Before you prepare corn for canning, start with corn that has the husks on and the silk attached. This allows you to assess the corn's freshness. Choose ears with brightly colored husks that are free of spots and moisture; silks should be golden, not matted or brown.
Here’s a surefire way to select corn that is sure to be juicy and tender: Slightly peel back the husk to check for any pests. If all is clear (no bugs or mold), use your thumbnail to depress a kernel about an inch below the top of the corn. If the ear has adequate moisture, liquid will squirt out.
Canning and preserving low-acid foods — such as corn — requires pressure canning to kill microorganisms that are harmful if not destroyed before ingesting the food. Pressure canning at 240 degrees kills the botulism bacteria. If this temperature isn’t achieved and the bacteria isn’t destroyed, one taste of this spoiled food can kill you. Simply boiling food on the stovetop will not kill any botulism and should not be considered a safety step.
Canned corn is a staple in most people’s homes. Many don’t realize how easy it is to store this tasty vegetable.
Preparation time: 15 minutes
Processing time: Pints, 55 minutes; quarts, 1 hour 25 minutes
Pressure level: 10 pounds
Yield: 12 pints or 6 quarts
24 pounds fresh corn on the cob
Prepare your canning jars and two-piece caps (lids and screw bands) according to the manufacturer’s instructions.
Keep the jars and lids hot.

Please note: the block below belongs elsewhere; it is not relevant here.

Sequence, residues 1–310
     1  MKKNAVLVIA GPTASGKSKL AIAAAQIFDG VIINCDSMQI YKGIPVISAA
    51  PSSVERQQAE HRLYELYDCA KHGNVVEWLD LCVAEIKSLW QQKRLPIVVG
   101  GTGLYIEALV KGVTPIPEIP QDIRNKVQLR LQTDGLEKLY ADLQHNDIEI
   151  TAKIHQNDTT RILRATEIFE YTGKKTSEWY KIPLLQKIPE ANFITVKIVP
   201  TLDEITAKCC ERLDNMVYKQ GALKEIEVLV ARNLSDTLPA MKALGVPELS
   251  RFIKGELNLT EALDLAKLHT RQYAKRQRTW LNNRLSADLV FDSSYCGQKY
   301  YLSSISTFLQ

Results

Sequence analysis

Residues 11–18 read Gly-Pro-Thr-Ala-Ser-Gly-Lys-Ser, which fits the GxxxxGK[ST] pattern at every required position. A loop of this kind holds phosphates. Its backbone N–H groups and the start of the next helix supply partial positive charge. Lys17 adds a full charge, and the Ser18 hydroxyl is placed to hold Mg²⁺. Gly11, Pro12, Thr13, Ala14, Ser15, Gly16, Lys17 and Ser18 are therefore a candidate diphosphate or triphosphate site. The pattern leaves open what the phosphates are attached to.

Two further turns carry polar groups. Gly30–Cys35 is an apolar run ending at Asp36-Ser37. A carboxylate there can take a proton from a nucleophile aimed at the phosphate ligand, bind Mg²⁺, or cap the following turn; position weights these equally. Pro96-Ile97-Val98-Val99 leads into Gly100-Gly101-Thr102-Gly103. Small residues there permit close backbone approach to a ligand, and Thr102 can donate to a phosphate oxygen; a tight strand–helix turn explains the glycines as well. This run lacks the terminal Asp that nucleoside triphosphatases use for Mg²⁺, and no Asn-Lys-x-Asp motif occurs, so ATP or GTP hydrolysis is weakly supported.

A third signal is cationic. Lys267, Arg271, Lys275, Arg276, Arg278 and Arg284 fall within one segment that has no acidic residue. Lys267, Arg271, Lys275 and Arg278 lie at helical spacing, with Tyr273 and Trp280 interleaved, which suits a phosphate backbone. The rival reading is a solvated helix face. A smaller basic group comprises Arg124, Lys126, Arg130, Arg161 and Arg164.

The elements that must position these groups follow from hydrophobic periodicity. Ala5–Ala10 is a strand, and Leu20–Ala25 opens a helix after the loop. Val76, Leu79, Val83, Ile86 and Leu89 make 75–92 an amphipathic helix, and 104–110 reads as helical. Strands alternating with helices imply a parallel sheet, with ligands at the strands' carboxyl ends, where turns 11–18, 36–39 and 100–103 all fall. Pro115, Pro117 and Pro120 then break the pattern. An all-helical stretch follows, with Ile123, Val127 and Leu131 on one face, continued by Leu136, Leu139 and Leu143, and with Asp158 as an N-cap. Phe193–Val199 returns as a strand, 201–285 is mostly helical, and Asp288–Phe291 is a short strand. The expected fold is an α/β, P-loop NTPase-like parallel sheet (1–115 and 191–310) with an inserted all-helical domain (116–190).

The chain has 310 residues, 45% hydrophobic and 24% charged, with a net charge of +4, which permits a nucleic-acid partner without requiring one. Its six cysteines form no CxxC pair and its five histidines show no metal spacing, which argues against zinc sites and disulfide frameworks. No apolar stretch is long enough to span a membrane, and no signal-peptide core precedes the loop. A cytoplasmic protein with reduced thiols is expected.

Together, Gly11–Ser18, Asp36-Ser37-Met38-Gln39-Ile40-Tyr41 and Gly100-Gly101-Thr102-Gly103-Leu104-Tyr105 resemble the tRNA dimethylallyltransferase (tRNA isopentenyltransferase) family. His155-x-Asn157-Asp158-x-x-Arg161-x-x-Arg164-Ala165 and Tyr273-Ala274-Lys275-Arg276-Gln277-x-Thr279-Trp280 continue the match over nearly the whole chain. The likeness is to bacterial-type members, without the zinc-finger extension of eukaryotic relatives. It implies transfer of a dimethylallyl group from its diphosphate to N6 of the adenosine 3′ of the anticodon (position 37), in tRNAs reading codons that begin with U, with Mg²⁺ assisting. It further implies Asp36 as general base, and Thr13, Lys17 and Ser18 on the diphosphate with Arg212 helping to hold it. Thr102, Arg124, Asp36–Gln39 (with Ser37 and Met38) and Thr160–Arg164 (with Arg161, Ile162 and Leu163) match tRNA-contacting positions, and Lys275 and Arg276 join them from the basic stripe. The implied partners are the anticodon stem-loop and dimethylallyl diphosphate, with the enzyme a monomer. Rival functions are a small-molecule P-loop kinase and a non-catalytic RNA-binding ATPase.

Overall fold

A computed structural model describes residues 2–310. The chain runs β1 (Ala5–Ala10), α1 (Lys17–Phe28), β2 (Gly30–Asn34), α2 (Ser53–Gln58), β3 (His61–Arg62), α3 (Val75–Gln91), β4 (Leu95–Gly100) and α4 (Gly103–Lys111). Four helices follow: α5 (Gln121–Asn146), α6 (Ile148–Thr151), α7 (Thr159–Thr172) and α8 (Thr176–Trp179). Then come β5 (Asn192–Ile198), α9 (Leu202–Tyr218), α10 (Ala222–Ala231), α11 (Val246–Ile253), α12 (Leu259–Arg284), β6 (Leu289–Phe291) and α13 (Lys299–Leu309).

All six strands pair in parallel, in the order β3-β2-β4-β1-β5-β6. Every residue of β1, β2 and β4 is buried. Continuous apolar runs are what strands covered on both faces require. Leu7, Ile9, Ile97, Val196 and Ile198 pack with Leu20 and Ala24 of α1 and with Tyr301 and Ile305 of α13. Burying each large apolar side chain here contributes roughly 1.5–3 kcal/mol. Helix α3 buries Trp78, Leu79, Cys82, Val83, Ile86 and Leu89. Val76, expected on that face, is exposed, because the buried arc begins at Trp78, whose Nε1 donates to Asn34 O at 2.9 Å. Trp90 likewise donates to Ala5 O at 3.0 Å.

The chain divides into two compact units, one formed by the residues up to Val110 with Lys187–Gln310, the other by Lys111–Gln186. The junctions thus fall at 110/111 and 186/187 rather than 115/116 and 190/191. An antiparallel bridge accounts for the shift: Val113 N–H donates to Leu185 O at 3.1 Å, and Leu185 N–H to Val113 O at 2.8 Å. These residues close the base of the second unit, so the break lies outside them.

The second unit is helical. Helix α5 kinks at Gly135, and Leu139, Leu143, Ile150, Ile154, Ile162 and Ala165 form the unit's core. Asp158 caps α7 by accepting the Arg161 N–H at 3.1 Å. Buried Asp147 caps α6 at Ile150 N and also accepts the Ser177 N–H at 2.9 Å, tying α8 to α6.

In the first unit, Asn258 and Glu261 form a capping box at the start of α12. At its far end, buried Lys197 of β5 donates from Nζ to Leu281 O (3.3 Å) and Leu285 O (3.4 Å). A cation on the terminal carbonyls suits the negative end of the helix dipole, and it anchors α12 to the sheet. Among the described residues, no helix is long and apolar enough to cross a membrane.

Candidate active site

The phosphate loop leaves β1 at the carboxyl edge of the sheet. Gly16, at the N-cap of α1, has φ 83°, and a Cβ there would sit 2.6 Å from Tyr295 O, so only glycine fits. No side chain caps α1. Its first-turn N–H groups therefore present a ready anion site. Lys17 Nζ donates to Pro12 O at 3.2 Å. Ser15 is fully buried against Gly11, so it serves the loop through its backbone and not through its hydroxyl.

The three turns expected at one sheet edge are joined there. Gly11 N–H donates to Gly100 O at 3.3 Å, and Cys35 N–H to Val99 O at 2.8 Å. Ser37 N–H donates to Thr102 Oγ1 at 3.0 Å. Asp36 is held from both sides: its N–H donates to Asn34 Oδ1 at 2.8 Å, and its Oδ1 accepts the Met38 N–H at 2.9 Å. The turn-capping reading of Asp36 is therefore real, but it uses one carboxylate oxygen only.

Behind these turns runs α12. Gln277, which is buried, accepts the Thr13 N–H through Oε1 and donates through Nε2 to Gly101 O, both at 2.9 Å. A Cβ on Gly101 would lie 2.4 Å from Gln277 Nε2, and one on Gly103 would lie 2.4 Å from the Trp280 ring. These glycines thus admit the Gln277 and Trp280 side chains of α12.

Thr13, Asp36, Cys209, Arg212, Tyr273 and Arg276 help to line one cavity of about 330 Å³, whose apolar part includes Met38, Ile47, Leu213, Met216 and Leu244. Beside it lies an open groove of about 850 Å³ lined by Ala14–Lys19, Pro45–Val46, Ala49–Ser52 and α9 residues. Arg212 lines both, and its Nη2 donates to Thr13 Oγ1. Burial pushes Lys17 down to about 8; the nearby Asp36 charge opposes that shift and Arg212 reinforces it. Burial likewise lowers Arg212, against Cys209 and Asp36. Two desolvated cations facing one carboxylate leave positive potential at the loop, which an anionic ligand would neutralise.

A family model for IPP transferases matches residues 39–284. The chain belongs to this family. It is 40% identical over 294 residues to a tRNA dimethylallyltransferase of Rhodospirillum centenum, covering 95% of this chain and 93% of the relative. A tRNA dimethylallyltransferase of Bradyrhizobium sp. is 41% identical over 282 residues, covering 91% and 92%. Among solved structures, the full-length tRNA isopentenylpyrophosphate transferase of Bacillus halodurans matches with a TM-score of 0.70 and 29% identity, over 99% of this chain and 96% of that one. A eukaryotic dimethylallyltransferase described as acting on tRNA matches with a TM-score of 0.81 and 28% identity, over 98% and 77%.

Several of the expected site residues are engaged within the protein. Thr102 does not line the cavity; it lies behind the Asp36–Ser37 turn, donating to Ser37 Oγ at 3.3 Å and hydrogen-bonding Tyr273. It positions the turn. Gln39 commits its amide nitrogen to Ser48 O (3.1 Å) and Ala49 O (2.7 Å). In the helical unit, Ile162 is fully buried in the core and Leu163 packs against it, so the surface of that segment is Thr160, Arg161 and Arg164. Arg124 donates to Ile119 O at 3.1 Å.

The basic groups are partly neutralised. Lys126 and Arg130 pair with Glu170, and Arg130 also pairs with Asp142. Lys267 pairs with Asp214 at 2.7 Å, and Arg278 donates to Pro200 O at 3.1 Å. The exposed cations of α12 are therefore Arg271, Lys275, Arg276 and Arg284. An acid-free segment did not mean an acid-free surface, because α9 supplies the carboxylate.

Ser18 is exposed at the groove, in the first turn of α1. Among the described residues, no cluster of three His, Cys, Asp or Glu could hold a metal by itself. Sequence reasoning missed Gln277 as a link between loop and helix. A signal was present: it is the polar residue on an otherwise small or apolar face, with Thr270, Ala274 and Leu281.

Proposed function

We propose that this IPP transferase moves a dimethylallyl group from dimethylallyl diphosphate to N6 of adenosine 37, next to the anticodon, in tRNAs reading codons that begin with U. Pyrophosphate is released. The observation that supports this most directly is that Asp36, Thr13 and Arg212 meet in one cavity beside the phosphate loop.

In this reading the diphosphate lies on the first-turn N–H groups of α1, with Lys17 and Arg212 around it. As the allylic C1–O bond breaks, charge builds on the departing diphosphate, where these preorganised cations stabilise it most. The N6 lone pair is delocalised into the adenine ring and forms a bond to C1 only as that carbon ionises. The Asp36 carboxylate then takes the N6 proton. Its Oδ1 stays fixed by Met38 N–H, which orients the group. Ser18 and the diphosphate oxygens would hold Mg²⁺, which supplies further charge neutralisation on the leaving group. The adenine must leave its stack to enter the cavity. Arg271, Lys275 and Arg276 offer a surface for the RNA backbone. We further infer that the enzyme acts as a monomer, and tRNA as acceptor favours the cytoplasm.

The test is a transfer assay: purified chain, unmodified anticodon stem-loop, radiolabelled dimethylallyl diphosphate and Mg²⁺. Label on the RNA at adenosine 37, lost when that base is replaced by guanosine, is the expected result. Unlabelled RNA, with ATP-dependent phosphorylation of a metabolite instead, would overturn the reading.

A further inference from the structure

Remove the husk and silk from the corn. Using a sharp knife, slice the corn from the cob, measuring the corn as you go so that you know how many total pints or quarts of corn kernels you have.
Meanwhile, bring 1 gallon of water to a boil in an 8-quart pot (you’ll use this as a reserve).
Place the corn in a 12-quart pot. For each pint of corn, add 1 cup of boiling water; for each quart of corn, add 2 cups of boiling water.
Place the pot over medium-high heat and bring to a simmer. Then reduce heat to medium and allow the corn to simmer for 5 minutes.
Ladle the corn into your prepared jars and pour additional boiling water over it if necessary, leaving 1-inch headspace. Add 1 teaspoon salt to each quart jar or 1/2 teaspoon salt to each pint jar.
Release any air bubbles with a nonreactive utensil, adding more water as necessary to maintain the proper headspace. Wipe the jar rims; seal the jars with the two-piece caps, hand-tightening the bands.
Process the filled jars in a pressure canner at 10 pounds pressure for 55 minutes (pints) or 1 hour 25 minutes (quarts).
Allow the pressure to return to 0, wait an additional 10 minutes, and then carefully open the canner lid.Use a pressure canner to safely process low-acid foods, including many vegetables.
Remove the jars from the canner with a jar lifter. Place them on a clean kitchen towel away from drafts.
After the jars cool completely, test the seals. If you find jars that haven’t sealed, refrigerate them and use them within two weeks.
Prior to eating or tasting, boil the food for 15 minutes. For altitudes over 1,000 feet above sea level, extend the boiling period 1 minute for each increase of 1,000 feet.
Per 1/2-up serving: Calories 136 (From fat 15); Fat 2g (Saturated 0g); Cholesterol 0mg; Sodium 312mg; Carbohydrates 32g (Dietary fiber 3g); Protein 4g.